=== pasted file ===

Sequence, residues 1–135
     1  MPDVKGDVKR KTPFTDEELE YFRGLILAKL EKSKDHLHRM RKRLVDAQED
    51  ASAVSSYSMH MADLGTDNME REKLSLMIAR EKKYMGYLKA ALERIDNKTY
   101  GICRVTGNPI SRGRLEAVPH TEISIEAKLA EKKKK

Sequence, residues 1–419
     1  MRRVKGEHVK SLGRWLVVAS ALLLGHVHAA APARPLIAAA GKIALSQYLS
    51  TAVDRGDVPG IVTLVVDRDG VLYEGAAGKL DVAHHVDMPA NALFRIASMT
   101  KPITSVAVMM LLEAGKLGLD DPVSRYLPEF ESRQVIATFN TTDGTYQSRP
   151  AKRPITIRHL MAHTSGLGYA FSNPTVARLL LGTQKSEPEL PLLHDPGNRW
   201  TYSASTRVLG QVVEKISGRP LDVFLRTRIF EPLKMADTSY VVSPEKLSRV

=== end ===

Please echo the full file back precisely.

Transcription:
Sequence, residues 1–135
     1  MPDVKGDVKR KTPFTDEELE YFRGLILAKL EKSKDHLHRM RKRLVDAQED
    51  ASAVSSYSMH MADLGTDNME REKLSLMIAR EKKYMGYLKA ALERIDNKTY
   101  GICRVTGNPI SRGRLEAVPH TEISIEAKLA EKKKK

Sequence, residues 1–419
     1  MRRVKGEHVK SLGRWLVVAS ALLLGHVHAA APARPLIAAA GKIALSQYLS
    51  TAVDRGDVPG IVTLVVDRDG VLYEGAAGKL DVAHHVDMPA NALFRIASMT
   101  KPITSVAVMM LLEAGKLGLD DPVSRYLPEF ESRQVIATFN TTDGTYQSRP
   151  AKRPITIRHL MAHTSGLGYA FSNPTVARLL LGTQKSEPEL PLLHDPGNRW
   201  TYSASTRVLG QVVEKISGRP LDVFLRTRIF EPLKMADTSY VVSPEKLSRV